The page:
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How to Read and Represent Vickers Hardness Value?

In this blog post, you’ll read:Do you know how to read the Vickers hardness value? How to represent the Vickers value? The article will tell you all about what you want to know about the reading and representation of the Vickers hardness.

Table of Contents

Vickers hardness testing is a common and widely used method for determining the hardness of a material. It measures the depth of penetration of a diamond indenter under controlled conditions. Vickers hardness test charts are commonly used to monitor production and ensure quality control. This article discusses how you can represent and read the Vickers hardness scale.


I. Why Use the Vickers Hardness Value?

The Vickers hardness scale provides an excellent means to measure hardness in all materials, especially when compared with the Brinell test or Rockwell scale, which uses different indenters on the test piece. Unlike the other methods, the Vickers hardness test uses only one indenter and one test force to measure and inspect the hardness of a material. The diamond indenter used in the Vickers test can be used in any material, and the calculation of the Vickers hardness does not depend on the type of material. The Vickers method has a wider scale compared to other hardness testing methods. The Vickers method has standards for guidelines and conditions defined under ISO 6506-1 for metallic materials.


Related Article: ASTM Vickers Hardness Standard Test Reference Guide 


II. How Vickers Hardness Gets Measured?

Vickers hardness testing is measured by inserting a diamond pyramid indenter into a test piece at a specific angle and measuring the force required to penetrate the tested material. The required force is directly related to the surface area of the indenter, and it is measured in units of kgf, which is represented as HV (Vickers Hardness).

Since Vickers hardness is based on the contact area between an indenter and the material being tested, it provides superior accuracy even when testing softer materials. The Vickers scale used in high-quality machines is optical, allowing you to measure small changes in surface hardness with precision.


Related Article: How to Perform a Vickers Hardness Test?

Related Article: How to Perform a Rockwell Hardness Test?


III. How do you Read a Vickers Hardness Value?

The Vickers hardness scale is made up of three main parts. These are a numeric number representing the Vickers hardness value, two abbreviation letters”HV” representing the “Hardness according to Vickers”, and the load applied to the test piece in kgf. If the load is applied for more than 15 seconds, the dwell time should be indicated following the ISO 6507 standards.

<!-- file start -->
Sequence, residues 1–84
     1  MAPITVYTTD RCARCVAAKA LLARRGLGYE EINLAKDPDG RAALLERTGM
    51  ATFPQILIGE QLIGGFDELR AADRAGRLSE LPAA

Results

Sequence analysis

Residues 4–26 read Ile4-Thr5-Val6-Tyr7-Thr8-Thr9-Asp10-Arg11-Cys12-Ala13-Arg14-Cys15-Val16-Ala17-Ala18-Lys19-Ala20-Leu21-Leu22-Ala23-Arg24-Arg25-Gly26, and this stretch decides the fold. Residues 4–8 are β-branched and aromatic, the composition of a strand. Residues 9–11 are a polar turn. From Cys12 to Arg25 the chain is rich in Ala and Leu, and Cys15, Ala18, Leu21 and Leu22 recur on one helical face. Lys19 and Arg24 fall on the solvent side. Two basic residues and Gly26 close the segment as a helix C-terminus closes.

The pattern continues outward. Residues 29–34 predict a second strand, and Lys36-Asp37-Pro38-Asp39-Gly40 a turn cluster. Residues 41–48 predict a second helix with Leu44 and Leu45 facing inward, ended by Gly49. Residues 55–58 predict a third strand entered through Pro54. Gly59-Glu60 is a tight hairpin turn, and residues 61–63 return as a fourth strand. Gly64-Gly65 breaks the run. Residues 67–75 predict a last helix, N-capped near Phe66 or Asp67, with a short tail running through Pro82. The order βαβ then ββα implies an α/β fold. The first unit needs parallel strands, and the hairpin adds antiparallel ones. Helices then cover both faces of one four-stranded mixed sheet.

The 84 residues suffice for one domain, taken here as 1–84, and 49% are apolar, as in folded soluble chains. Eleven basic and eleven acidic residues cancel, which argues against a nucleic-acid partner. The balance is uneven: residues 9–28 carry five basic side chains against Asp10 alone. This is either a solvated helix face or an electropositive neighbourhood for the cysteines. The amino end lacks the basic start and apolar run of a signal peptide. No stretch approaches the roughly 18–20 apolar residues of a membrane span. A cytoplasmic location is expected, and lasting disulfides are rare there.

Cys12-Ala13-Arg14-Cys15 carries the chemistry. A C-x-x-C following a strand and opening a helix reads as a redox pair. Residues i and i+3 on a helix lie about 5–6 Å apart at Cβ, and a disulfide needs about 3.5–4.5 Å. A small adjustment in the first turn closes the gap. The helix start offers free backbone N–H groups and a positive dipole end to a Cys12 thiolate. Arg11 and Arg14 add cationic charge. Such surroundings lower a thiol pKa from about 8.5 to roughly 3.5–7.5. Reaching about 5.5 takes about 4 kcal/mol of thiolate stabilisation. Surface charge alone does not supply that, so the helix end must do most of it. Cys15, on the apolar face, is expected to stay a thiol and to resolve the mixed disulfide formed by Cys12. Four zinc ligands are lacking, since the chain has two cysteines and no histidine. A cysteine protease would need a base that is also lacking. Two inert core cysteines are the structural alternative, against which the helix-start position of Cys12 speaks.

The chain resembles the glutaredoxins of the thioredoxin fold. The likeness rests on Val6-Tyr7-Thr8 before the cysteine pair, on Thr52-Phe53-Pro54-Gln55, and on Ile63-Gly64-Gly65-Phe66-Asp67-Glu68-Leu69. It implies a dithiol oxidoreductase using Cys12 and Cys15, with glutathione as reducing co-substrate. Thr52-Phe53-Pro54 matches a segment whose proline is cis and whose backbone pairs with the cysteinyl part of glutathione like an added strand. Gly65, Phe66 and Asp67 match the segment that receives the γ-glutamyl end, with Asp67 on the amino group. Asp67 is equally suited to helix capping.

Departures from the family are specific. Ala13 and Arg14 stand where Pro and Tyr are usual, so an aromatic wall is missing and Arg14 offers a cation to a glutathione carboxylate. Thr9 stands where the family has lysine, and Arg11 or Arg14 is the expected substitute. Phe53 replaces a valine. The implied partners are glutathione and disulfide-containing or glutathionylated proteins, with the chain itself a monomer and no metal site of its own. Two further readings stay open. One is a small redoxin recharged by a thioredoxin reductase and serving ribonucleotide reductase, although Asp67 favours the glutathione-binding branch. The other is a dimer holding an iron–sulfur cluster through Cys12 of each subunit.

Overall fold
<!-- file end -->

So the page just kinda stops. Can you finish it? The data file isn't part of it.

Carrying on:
Read Vickers Hardness Value


IV. Examples of How to Represent and Read Vickers Hardness Value

Example 1: 640 HV30

640 is the numeric value representing the Vickers hardness of the material.

HV is the abbreviation representing Vickers hardness

30 represents the load applied to the indenter. (a force of 294.2 N )


Example 2: 610 HV10/30

610 is the numeric value representing the Vickers hardness of the material.

HV is the abbreviation showing the Vickers hardness.

10 represents the load applied on the test piece. (a force of 98.07 N)

30 represents the dwell time that is outside the scope of 10 to 15 seconds.


V. What is the Vickers Hardness Number for Iron?

The Vickers hardness of iron is 30-80HV5. This suggests that the Vickers hardness number would range from 30 to 80 kgf/mm2 if the test had a load value of 5 kgf. The real value will vary depending on the iron specimen’s composition; this figure is only an estimate.


VI. What is the Vickers Hardness Number for Carbon Steel?

For carbon steel, the Vickers hardness ranges from 55 to 120HV5. The Vickers hardness number would fall between 55 and 120 kgf/mm2 if the test were conducted with a load value of 5 kgf. The value is an estimate, and it may change depending on the carbon steel composition.



The Vickers hardness test is a common, widely used method for measuring the hardness of materials. It is an excellent method when testing softer materials that could not withstand the forces required by other standards such as Brinell, Rockwell, or Mohs scale. Therefore, using the Vickers scale in mechanical testing is recommended when you need more accuracy and precision.